Dirma Castillo-Torres v. Robert Wilkinson


                       UNITED STATES COURT OF APPEALS
                           FOR THE FOURTH CIRCUIT

                                      No. 20-1355




ROBERT M. WILKINSON, Acting Attorney General,


On Petition for Review of an Order of the Board of Immigration Appeals.

Submitted: February 26, 2021                                      Decided: March 5, 2021

Before THACKER, RICHARDSON, and RUSHING, Circuit Judges.

Petition denied in part and dismissed in part by unpublished per curiam opinion.

Ronald D. Richey, LAW OFFICE OF RONALD D. RICHEY, Rockville, Maryland, for
Petitioner. Jeffrey B. Clark, Acting Assistant Attorney General, Mary Jane Candaux,
Assistant Director, Office of Immigration Litigation, Remi Da Rocha-Afodu, Trial
Attorney, Office of Immigration Litigation, Civil Division, UNITED STATES
DEPARTMENT OF JUSTICE, Washington, D.C., for Respondent.

Unpublished opinions are not binding precedent in this circuit.

       Dirma Denisse Castillo-Torres (Castillo), a native and citizen of Honduras, petitions

for review of an order of the Board of Immigration Appeals adopting and affirming the

immigration judge’s order denying Castillo’s motion to reopen. We deny the petition for

review in part and dismiss it in part.

       An alien may file one motion to reopen within 90 days of the entry of a final order

of removal. 8 U.S.C. § 1229a(c)(7)(A), (C); 8 C.F.R. § 1003.23(b)(1) (2020). These time

and numerical limits do not apply if the basis for the motion is to seek asylum or

withholding of removal based on changed country conditions, if the alien’s evidence of the

same “is material and was not available and would not have been discovered or presented

at the previous proceeding.”             8 U.S.C. § 1229a(c)(7)(C)(ii); accord 8 C.F.R.

§ 1003.23(b)(4)(i) (2020).

       We review the denial of a motion to reopen for abuse of discretion. INS v. Doherty,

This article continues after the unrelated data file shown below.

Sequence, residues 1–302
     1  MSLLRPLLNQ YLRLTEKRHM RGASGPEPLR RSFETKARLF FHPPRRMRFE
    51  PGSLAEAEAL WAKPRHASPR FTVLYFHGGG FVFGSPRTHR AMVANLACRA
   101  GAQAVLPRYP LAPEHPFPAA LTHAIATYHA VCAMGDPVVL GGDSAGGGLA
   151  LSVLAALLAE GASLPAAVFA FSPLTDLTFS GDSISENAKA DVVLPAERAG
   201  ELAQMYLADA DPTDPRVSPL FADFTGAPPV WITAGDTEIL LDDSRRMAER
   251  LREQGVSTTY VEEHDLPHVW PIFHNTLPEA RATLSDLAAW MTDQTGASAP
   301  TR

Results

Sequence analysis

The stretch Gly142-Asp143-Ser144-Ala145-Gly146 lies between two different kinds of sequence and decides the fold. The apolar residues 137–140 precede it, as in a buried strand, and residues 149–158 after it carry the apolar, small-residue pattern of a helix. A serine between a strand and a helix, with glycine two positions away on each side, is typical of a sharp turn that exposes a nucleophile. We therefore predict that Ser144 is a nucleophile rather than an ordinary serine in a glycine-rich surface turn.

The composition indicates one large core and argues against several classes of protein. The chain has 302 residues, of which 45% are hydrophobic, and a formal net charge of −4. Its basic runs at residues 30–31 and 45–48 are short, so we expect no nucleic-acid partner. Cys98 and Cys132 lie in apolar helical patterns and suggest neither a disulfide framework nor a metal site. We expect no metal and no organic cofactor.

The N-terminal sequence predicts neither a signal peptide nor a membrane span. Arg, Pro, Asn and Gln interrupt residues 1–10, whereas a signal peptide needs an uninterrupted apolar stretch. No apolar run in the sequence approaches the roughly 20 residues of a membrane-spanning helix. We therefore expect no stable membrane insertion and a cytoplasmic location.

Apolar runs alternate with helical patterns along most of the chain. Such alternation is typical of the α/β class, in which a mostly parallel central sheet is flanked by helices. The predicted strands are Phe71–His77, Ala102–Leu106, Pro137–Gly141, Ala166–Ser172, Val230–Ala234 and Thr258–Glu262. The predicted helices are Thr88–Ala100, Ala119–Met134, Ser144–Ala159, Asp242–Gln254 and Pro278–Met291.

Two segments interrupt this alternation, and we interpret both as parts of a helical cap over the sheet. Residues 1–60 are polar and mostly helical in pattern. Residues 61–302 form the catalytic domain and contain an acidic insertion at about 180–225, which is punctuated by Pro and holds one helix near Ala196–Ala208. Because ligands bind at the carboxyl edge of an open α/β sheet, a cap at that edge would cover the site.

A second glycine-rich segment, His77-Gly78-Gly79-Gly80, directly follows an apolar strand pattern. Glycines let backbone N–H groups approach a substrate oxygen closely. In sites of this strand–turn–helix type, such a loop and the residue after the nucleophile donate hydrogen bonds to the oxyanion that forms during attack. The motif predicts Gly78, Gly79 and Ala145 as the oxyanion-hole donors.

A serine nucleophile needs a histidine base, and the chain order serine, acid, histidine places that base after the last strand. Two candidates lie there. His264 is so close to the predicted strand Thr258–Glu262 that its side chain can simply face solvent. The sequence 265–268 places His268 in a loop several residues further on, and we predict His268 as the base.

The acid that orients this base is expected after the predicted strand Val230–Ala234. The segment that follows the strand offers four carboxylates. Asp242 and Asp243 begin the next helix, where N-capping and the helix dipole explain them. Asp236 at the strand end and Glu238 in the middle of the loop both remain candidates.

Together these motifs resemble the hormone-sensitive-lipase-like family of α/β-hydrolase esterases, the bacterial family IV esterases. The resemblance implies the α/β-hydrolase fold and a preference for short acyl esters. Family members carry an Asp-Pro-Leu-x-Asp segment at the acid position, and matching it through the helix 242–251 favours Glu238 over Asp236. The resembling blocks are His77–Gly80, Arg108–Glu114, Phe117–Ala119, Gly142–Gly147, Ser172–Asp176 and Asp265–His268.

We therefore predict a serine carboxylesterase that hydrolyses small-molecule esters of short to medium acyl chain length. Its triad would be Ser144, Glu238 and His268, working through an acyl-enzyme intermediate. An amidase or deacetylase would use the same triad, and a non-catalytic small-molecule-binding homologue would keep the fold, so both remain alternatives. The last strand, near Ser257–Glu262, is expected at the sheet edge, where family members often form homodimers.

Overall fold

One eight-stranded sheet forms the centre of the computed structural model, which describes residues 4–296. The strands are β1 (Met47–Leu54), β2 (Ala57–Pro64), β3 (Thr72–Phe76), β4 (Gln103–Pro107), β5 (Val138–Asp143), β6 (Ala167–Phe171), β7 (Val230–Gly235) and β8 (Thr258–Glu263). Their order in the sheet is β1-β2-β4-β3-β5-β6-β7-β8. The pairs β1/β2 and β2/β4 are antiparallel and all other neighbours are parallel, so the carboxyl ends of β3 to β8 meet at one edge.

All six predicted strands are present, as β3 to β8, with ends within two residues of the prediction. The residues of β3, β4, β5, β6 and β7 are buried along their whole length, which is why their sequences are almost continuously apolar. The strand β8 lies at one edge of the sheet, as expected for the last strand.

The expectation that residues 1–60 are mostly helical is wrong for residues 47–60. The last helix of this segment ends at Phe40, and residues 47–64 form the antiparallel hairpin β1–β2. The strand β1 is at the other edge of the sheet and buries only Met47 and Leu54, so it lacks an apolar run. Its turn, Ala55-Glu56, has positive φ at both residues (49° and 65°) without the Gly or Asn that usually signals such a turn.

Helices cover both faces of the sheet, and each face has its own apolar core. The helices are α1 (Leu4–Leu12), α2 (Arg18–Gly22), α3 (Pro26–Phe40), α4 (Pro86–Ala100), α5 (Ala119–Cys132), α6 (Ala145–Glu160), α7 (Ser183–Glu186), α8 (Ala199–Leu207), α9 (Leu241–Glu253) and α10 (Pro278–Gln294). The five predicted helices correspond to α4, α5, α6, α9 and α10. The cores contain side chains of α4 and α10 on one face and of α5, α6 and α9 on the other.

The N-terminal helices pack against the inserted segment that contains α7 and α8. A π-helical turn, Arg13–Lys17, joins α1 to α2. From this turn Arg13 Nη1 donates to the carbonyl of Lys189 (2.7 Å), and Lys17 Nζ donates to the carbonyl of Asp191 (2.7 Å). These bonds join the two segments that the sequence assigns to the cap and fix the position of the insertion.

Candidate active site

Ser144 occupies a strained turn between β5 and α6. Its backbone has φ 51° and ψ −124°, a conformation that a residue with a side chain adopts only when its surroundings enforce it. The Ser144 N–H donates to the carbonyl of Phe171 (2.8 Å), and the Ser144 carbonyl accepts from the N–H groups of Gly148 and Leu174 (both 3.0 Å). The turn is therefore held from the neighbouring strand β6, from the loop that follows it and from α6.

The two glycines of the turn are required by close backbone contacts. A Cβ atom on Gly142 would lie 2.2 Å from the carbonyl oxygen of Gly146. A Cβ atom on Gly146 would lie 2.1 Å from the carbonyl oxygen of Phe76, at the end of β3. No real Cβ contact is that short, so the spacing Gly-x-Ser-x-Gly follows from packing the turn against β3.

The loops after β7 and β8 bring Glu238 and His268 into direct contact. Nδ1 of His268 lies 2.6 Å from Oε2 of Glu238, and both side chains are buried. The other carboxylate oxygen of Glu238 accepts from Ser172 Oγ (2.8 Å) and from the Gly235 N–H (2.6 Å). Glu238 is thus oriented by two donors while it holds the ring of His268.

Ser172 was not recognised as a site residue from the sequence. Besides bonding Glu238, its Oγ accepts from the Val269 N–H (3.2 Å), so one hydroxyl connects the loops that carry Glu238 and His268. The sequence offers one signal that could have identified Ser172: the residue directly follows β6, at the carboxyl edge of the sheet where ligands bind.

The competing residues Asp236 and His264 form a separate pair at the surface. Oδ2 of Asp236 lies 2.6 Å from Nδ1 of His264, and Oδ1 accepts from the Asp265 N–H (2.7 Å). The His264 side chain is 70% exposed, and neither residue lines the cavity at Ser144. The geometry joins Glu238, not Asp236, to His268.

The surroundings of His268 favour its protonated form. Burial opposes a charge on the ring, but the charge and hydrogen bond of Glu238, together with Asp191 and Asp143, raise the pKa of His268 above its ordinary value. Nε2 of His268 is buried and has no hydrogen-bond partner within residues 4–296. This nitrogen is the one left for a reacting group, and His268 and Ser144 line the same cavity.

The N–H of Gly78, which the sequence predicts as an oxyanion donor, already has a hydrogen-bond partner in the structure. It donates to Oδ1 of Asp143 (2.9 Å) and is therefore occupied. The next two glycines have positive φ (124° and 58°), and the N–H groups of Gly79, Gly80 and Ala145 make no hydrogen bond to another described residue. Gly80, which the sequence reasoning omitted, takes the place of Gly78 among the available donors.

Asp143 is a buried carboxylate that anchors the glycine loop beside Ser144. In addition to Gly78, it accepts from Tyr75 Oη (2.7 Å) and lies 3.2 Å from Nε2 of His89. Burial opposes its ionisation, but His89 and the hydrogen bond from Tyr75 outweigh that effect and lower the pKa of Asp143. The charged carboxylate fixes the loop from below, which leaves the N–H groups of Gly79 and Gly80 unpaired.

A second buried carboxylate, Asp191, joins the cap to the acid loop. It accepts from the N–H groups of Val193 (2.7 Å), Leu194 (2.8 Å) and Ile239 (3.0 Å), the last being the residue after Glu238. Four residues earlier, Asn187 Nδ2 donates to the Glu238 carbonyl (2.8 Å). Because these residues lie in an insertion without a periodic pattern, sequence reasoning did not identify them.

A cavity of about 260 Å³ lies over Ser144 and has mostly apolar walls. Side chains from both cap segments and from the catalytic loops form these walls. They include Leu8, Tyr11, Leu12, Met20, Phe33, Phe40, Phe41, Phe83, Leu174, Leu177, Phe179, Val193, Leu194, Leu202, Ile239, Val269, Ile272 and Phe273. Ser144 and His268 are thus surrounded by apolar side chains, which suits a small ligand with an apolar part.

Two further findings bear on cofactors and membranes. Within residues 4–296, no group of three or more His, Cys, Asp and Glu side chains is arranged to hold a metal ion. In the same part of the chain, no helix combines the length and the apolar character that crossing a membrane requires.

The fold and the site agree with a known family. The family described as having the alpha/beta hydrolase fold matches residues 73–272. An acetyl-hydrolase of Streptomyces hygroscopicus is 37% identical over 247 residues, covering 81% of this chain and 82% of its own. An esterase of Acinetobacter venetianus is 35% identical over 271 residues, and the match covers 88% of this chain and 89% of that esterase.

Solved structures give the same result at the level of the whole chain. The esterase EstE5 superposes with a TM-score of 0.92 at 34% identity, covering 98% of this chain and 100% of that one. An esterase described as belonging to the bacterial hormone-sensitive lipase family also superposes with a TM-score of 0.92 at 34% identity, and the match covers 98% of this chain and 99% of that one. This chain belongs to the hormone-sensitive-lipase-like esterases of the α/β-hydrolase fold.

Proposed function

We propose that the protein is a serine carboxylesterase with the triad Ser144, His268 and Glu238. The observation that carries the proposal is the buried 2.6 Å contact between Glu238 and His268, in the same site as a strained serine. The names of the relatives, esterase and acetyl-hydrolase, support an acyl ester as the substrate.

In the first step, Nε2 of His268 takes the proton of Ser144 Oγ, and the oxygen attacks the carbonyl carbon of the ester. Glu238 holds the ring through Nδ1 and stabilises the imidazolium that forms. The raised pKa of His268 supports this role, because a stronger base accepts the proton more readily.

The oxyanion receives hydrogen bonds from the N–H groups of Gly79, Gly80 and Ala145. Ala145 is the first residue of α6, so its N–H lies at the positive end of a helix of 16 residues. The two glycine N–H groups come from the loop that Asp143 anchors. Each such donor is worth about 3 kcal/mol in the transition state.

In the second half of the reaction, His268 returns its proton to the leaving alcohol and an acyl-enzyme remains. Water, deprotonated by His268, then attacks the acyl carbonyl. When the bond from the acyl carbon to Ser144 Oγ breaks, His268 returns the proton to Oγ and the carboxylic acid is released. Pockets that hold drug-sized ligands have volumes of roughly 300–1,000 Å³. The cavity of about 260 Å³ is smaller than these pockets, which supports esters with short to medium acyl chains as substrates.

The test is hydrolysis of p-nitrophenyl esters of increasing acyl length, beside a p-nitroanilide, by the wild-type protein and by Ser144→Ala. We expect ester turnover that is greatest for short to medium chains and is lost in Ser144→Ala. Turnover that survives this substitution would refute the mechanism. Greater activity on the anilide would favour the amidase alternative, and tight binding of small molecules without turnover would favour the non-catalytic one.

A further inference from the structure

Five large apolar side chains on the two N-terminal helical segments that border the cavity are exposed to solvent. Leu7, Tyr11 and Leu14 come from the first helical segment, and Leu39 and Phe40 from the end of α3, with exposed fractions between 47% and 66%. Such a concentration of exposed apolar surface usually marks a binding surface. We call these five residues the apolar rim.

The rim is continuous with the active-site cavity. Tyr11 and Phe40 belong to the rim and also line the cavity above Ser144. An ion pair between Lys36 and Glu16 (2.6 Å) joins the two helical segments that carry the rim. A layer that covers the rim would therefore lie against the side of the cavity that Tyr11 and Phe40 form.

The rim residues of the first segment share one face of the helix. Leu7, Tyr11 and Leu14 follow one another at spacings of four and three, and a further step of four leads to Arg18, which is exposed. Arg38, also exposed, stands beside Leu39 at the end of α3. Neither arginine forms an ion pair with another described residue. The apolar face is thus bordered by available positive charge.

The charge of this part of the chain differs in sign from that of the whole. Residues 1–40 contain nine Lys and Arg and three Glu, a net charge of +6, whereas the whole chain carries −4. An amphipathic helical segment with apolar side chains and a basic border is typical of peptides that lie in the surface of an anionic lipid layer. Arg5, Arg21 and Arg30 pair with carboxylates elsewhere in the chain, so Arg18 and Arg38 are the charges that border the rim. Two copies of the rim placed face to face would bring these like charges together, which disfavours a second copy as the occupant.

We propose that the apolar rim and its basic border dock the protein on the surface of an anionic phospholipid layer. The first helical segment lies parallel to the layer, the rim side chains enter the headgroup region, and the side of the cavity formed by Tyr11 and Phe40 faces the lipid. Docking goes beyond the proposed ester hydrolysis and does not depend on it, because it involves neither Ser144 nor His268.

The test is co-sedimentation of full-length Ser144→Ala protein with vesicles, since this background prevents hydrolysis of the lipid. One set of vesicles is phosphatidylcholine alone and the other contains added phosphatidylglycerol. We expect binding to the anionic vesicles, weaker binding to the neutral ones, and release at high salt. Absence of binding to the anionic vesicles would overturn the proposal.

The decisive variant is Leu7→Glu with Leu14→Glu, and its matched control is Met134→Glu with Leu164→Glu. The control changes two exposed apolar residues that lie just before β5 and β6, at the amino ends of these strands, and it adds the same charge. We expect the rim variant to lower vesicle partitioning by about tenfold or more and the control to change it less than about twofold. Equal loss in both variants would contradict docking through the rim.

502 U.S. 314

, 323 (1992); Mosere v. Mukasey, 

552 F.3d 397

, 400 (4th Cir. 2009). The

agency’s “denial of a motion to reopen is reviewed with extreme deference, given that

motions to reopen are disfavored because every delay works to the advantage of the

deportable alien who wishes merely to remain in the United States.” Sadhvani v. Holder,

596 F.3d 180

, 182 (4th Cir. 2009) (internal quotation marks omitted). The motion “shall

state the new facts that will be proven at a hearing to be held if the motion is granted and

shall be supported by affidavits and other evidentiary material.” 8 C.F.R. § 1003.23(b)(3)

(2020). It “will not be granted unless the Immigration Judge is satisfied that evidence

sought to be offered is material and was not available and could not have been discovered

or presented at the former hearing.”

Id. There is no

dispute that Castillo’s motion to reopen, filed with the immigration

court, was both time- and number-barred. 8 C.F.R. § 1003.23(b)(1). We have reviewed

Castillo’s arguments on appeal, in conjunction with the administrative record, and conclude

that substantial evidence supports the IJ’s finding, affirmed by the Board, that Castillo

failed to establish a material change in conditions in Honduras so to excuse the second and

untimely motion to reopen. See accord Jian Hui Shao v. Mukasey, 

546 F.3d 138

, 168-69

(2d Cir. 2008) (providing for substantial evidence review of the Board’s factual findings

related to its evaluation of evidence of a purported material change in country conditions);

Liu Jin Lin v. Barr, 

944 F.3d 57

, 62 (1st Cir. 2019) (“It is well settled that the persistence

of negative conditions, regardless of how grave they are, is insufficient to establish changed

country conditions and, thus, warrant reopening.”).

       Castillo also challenges the IJ’s ruling, which the Board likewise readily affirmed,

to deny her alternate request for sua sponte reopening pursuant to 8 C.F.R. § 1003.23(b)(1).

However, it is well settled that we lack jurisdiction to review the agency’s decision not to

exercise its discretion to sua sponte reopen an alien’s removal proceedings. See Lawrence

v. Lynch, 

826 F.3d 198

, 206-07 (4th Cir. 2016); 

Mosere, 552 F.3d at 400-01


       Accordingly, we deny the petition for review in part and dismiss it in part. We

dispense with oral argument because the facts and legal contentions are adequately

presented in the materials before this court and argument would not aid the decisional


                                                        PETITION DENIED IN PART,
                                                               DISMISSED IN PART


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